Part 5: Time Variation
Time marches forward, adding a new dimension of possibilities to computational fluid dynamics (CFD). When we add the time domain, simulations change from modeling steady scenarios with constant boundary conditions. They become unsteady, with boundary conditions that change over time. This may require changes in flow velocity, angle of attack, or any host of conditions. Beyond the physics, modeling unsteady flow requires a few changes to the CFD solver. Today we discuss those changes in the solver and the additional steps required to model unsteady flow in CFD.
Modeling unsteady simulations extends naturally from steady simulations. Take all the principles of steady simulations, which model fluid flow in three dimensions. Apply those principles to the fourth dimension of time. Think about resolution of the fourth dimension, consider stability in that dimension. Building from that philosophy, unsteady simulations add a few extra modeling steps.
When modeling unsteady simulations, you need to set the number of inner iterations per timestep. Set too few and the simulation does not converge in each timestep. Too many, and you waste computation time.
The number of inner iterations is coupled to the size of your timestep. A larger timestep requires more inner iterations to achieve convergence. The novice CFD engineer may be tempted to push for a large timestep with more inner iterations, trying to save computing resources. This does not work. It destabilizes the simulation. In general, an unsteady simulation requires around 5-7 inner iterations per timestep, no more than 12. Beyond that, the solution is to reduce the timestep. Do not try increasing the inner iterations. Reduce the timestep.
Normally, we don’t launch directly into an unsteady simulation. First, we model a steady simulation, and then use this to create a stable initialization condition for the unsteady simulation.
If you launch directly into an unsteady simulation, it can create too much of a shock for the solver. Before the solver has a chance to balance the equations, the unsteady simulation progresses to the next timestep and changes the equations. The end result: divergence and failed simulation. The solution: initialize with a steady simulation first.
You may be tempted to save all the data from your simulation; preserve every timestep. That is wonderful way to fill up every hard drive on the network. Unsteady simulations produce hundreds of terabytes of data. As the CFD engineer, be more selective in your data management. Don’t save every timestep, or every variable. Work with your system administrator to understand your data limits before starting the simulation. Unsteady CFD enters the realm of big data and requires strategic data management. Only save what you absolutely need.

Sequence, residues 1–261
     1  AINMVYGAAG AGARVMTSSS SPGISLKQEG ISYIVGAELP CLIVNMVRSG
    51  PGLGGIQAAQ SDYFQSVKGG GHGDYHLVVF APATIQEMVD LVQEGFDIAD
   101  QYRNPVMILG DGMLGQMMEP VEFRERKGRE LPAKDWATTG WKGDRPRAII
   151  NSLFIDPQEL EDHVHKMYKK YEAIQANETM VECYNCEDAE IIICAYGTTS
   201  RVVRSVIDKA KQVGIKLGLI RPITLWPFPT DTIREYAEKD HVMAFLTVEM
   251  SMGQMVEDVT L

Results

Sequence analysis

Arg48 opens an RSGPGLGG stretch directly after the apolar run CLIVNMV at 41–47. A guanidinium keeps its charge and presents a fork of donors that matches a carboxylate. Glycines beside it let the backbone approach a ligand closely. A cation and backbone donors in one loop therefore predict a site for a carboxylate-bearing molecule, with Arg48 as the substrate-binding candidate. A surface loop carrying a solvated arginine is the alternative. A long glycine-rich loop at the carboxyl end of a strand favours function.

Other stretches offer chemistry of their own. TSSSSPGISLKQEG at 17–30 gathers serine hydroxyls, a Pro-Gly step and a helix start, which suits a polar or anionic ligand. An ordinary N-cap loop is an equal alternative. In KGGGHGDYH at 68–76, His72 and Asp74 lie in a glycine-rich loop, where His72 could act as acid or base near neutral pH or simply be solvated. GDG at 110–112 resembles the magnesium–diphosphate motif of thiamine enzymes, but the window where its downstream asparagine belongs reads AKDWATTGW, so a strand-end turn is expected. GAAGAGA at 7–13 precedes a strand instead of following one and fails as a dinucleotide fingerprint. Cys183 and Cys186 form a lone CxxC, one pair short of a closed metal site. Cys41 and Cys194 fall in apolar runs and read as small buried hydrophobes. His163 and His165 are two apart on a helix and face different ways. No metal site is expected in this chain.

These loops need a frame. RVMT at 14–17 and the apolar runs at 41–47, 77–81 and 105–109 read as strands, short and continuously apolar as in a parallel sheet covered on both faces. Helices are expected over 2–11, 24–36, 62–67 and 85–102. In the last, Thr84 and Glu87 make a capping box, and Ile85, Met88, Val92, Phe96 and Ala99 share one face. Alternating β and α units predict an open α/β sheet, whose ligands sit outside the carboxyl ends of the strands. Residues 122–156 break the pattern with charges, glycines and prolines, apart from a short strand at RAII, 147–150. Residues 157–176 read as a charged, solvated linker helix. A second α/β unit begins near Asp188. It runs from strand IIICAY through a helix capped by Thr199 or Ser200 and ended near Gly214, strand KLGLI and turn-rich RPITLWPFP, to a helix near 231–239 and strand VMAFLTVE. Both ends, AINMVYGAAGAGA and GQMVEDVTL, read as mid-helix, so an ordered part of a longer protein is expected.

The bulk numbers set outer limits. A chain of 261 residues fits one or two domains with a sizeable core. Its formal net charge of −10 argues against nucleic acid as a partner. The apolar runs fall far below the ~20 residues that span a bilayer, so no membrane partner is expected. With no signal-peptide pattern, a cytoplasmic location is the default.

When setting the timestep, we turn to the Courant Number for guidance. The Courant Number provides a non-dimensional measurement of the timestep.
In general, we set our timestep to target a Courant Number of 1.0 on the body surface. The Courant Number is best understood through a thought experiment. Examine Figure 3‑1. This demonstrates the distance a fluid particle travels with successive timesteps at two different Courant Numbers. At a Courant Number of 1.0, the particle only travels the distance of one cell in each timestep. For each timestep, the fluid particle recognized the local velocities from each cell. But at a Courant Number of 10, ten cells were skipped in a single timestep. That fluid particle entered a cell using local fluid velocities from 10 cells previous. These large discrepancies form the root of simulation instability in unsteady simulations. When you have large Courant Numbers, the equations update with variables from cells far away from the local conditions, unbalancing the local conditions. Hence the guidance, keep your Courant Number near 1.0.
Unsteady simulations are not as simple as flipping a switch. Adding a fourth dimension also added another dimension of complexity. Inner iterations and timestep become critical to maintaining simulation stability. The primary guide for that is the Courant Number. Beyond stability, the CFD engineer must acknowledge practical limits on storage and plan for data management. Simulations may be unsteady, but CFD engineers work forward with a stable plan to manage the time domain.
Atsushi Ueyama, “Progress of Time,” Cradle MSC Software Company, 31 Dec 2018. [Online]. Available: https://www.cradle-cfd.com/tec/column01/017.html. [Accessed 31 Dec 2018].
TCFD, “Axial Compressor CFD,” TCFD, 31 Dec 2018. [Online]. Available: https://www.cfdsupport.com/axial-compressor-cfd-simulation.html. [Accessed 31 Dec 2018].
YouTube Author: Holzmann CFD, “Holzmann CFD & OpenFOAM® – Dynamic Meshes in Multiphase Flows #2 (Topology Change, Ship Simulation),” YouTube, 10 Feb 2018. [Online]. Available: https://www.youtube.com/watch?v=B9KjnyDpsx0. [Accessed 31 Dec 2018].